A Few Moments to Think About Veteran’s Day

Image: AP European history graphic Org.

Image: AP European history graphic Org.

I’ve been stuck… all week. Too much on my mind; too many things swirling in my thoughts. I finally had a post all ready, percolated and set to be typed and published… but then this morning I got in the car, and my usual Canadian rock station was playing clips from radio announcements on D-Day, so many years ago. There were audio montages of folks experiencing the end of WWII and some very old vets talking about their experiences. It was truly moving.

Just this week, I was out with friends and we got talking about the current war in Afghanistan and how far removed we feel, sometimes, especially in comparison to the generation who lived through WWII.. During WWII the entire world listened daily to updates. Kids had European and Pacific maps in their bedrooms, and the placed colored pins on the maps to mark the battles and progress of allied forces. People from all walks of life participated: whether it be saving nylons, clipping stamps, collecting metal, or working the jobs that were open, with so many men off fighting. In Europe, there was no group that wasn’t impacted. My husband’s family was living in Eastern Europe, and many were lost to the Holocaust. It was a World War for a reason.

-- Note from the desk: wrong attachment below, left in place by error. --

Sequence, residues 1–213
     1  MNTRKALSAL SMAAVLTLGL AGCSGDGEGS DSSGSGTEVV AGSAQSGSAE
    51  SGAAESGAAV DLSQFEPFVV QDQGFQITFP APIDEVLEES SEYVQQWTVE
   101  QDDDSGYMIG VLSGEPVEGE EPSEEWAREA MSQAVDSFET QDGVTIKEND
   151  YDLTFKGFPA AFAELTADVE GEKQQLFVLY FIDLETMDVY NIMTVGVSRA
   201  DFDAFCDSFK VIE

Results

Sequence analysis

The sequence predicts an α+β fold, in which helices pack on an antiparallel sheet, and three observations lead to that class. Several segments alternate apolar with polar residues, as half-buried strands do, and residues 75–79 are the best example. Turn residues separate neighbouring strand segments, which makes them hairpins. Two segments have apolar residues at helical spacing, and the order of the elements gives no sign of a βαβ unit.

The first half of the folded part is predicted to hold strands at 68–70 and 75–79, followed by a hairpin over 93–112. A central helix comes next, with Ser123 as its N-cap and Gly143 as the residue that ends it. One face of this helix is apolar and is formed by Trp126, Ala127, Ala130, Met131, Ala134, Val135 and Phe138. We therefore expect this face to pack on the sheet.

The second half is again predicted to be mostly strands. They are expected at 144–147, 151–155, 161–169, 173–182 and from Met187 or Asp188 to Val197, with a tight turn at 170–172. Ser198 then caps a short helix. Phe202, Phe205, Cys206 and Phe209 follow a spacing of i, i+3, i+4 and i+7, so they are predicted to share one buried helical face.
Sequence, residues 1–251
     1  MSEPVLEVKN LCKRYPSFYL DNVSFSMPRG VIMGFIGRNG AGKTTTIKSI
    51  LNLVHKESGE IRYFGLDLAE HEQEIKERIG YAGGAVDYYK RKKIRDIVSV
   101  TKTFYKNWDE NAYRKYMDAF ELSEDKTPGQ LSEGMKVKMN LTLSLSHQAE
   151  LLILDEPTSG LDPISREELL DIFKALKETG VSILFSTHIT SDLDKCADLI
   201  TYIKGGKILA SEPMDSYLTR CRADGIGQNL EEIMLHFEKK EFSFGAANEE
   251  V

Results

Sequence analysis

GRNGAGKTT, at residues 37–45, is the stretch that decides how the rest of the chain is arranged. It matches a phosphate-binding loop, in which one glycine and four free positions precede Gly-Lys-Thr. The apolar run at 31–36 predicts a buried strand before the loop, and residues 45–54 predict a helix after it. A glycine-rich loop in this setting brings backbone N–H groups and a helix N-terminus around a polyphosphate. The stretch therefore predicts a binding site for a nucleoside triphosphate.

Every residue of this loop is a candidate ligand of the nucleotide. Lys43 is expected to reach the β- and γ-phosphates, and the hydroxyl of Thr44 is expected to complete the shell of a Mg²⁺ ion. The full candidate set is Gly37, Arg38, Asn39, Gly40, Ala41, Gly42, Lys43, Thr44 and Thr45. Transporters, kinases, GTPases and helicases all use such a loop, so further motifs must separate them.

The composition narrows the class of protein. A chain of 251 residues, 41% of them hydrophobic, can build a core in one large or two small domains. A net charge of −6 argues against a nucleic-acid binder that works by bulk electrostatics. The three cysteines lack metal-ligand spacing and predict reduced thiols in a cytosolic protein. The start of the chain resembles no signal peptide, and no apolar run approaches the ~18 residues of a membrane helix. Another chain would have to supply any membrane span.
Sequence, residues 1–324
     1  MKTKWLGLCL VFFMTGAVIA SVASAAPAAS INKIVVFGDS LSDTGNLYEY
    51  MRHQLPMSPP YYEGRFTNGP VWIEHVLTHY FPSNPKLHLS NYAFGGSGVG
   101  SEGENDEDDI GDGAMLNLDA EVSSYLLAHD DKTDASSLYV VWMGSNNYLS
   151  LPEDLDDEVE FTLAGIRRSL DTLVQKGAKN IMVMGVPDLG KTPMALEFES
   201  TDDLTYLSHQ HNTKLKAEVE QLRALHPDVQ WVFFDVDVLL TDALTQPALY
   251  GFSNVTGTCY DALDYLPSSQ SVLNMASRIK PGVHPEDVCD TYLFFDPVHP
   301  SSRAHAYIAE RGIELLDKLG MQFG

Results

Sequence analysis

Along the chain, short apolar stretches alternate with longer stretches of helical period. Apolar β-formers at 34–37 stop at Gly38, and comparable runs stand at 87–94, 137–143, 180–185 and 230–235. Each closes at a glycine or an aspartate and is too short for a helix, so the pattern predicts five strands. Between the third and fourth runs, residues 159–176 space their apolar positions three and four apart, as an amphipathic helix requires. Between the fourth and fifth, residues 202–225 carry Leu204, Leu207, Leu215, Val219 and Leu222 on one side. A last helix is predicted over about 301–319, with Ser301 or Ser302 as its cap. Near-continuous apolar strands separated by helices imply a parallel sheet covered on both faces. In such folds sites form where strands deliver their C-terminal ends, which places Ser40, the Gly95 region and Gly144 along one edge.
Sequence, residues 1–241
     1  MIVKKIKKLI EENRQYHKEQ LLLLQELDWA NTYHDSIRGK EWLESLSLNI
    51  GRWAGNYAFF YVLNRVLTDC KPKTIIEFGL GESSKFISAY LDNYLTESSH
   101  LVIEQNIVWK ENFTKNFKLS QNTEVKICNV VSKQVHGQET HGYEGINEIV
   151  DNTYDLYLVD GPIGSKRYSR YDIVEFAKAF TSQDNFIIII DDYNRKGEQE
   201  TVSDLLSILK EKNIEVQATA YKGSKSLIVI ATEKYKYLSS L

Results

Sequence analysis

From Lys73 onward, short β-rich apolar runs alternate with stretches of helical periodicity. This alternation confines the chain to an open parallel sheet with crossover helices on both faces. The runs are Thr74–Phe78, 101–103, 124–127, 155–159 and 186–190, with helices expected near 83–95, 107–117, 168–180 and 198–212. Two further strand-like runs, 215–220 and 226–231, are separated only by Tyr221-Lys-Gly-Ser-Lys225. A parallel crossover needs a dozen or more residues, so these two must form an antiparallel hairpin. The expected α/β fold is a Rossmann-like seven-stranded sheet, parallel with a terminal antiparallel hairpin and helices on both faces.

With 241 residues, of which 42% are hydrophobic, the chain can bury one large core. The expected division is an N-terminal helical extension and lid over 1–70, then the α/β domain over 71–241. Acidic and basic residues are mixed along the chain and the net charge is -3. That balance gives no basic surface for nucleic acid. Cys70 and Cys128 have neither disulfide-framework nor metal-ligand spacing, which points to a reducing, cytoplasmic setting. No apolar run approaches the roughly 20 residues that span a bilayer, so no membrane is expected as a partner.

And yet, I find myself struggling with the status of the war we are still mired in, twelve years after the fighting started. Essentially, we’ve been at war since the morning of September 11, 2001, just as Pearl Harbor officially launched the US into a World War that so many others had already been fighting. During the Vietnam War, there were nightly casualty counts, protests, images of coffins coming home. However, it seems like this war comes up most often when politics are being discussed. Kids today barely think about the fact that men and women from the US, Canada, most of Europe and the Middle East are fighting and dying in Afghanistan, Iraq, and other parts of the Middle East. Children and families of military personnel live with that reality on a daily, minute by minute basis– but few others spend much time worrying or wondering about the fate of those soldiers.

There is a human cost Image: propublica.org

There is a human cost